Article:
International Year of Soils 2015: Healthy Soils for a Healthy Life
The UN has declared 2015 the International Year of Soils. There are more than 805 million people facing hunger and malnutrition in the world. Population growth will require an approximately increase of 60 percent in food production. As food production mainly depends on soils, it is important to keep them healthy and productive. The soils in the world are in danger because of expanding cities, deforestation, unsustainable land use and management practices, pollution, overgrazing and climate change. The current rate of soil degradation threatens the capacity to meet the needs of future generations. The main goal of the International Year of Soils 2015 (IYS) is to raise awareness about the importance of healthy soils and to advocate for sustainable soil management in order to protect this precious natural resource.
The specific objectives of the IYS 2015 include:
- Raise full awareness among civil society and decision makers about the profound importance of soil for human life;
- Educate the public about the crucial role soil plays in food security, climate change adaptation and mitigation, essential ecosystem services, poverty alleviation and sustainable development;
- Support effective policies and actions for the sustainable management and protection of soil resources;
- Promote investment in sustainable soil management activities to develop and maintain healthy soils for different land users and population groups;
- Strengthen initiatives in connection with the SDG process (Sustainable Development Goals) and Post-2015 agenda;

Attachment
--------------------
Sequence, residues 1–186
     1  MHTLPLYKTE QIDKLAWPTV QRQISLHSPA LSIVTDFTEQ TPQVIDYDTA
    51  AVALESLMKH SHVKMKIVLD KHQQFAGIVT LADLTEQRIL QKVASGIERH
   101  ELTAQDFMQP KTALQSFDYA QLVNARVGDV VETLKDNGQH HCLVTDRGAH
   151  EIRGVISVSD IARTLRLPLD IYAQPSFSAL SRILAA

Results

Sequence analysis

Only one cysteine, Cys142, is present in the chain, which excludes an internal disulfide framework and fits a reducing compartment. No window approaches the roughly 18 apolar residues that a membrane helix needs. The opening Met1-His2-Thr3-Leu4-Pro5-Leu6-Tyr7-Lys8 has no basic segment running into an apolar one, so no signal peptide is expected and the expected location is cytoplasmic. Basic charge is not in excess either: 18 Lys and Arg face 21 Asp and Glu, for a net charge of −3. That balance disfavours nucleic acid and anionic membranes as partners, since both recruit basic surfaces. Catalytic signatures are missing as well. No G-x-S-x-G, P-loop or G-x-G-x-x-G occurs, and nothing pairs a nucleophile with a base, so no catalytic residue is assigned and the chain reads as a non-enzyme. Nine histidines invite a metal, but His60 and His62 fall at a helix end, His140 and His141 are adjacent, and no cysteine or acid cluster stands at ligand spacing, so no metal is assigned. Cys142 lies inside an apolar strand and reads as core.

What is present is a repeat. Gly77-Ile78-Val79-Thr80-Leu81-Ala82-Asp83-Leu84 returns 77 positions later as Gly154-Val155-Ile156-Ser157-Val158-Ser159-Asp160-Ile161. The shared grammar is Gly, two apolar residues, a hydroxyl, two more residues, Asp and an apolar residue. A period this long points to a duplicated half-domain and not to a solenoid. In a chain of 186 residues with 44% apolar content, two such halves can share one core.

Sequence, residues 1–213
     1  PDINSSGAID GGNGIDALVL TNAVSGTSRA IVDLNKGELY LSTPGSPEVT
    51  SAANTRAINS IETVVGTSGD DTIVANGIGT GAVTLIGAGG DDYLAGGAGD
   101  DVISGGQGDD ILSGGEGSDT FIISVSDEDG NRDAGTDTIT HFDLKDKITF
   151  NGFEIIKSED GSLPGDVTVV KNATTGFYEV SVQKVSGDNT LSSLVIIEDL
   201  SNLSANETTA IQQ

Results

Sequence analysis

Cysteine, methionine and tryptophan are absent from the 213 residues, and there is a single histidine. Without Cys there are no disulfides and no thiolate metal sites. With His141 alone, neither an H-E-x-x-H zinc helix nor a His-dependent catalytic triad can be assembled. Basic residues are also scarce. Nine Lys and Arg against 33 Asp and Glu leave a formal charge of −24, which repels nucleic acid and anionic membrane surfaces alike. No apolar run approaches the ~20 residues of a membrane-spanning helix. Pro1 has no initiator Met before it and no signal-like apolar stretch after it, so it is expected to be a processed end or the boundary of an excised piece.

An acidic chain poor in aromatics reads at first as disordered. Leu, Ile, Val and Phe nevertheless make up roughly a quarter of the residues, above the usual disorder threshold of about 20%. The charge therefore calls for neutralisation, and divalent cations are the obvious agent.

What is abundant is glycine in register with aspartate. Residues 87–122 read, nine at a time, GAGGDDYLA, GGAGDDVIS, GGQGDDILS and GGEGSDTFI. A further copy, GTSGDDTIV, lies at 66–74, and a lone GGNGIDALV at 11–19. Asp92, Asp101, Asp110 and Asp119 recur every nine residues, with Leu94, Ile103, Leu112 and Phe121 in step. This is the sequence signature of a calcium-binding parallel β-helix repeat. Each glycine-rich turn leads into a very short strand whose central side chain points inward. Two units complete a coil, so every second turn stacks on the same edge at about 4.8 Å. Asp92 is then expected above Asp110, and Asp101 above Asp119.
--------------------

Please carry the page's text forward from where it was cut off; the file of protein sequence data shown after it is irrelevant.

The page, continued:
- Advocate for rapid capacity enhancement for soil information collection and monitoring at all levels (global, regional and national).
Meditation on Scriptures:
“Speak to the Israelites and say to them: ‘When you enter the land I am going to give you, the land itself must observe a sabbath to the Lord. For six years sow your fields, and for six years prune your vineyards and gather their crops. But in the seventh year the land is to have a year of sabbath rest, a sabbath to the Lord. Do not sow your fields or prune your vineyards. Do not reap what grows of itself or harvest the grapes of your untended vines. The land is to have a year of rest. Whatever the land yields during the sabbath year will be food for you—for yourself, your male and female servants, and the hired worker and temporary resident who live among you, as well as for your livestock and the wild animals in your land. Whatever the land produces may be eaten.” (Leviticus 25: 2-7)
When Israelites leave Egypt, God gives the commandment that they must observe Sabbath. So that the land can rest and the vulnerable people can eat whatever the land yields for living. On the contrary, the over-development of land and industrial agriculture nowadays does not aim for producing enough food to meet the needs of species, but become the means of money making and speculation. We as Christians should reflect and criticise this money driven operating mechanism of society, and build up an understanding of the relationship between land and species matching with our faith.
- All nations should face up the risk of food production caused by environmental destruction and soil degradation. And take effective measures to change the situation.
- Farmers who depend on the production of land, poor and malnourished people are most affected people. All nations need to set up policies that are according with justice and help them to get rid of the plight.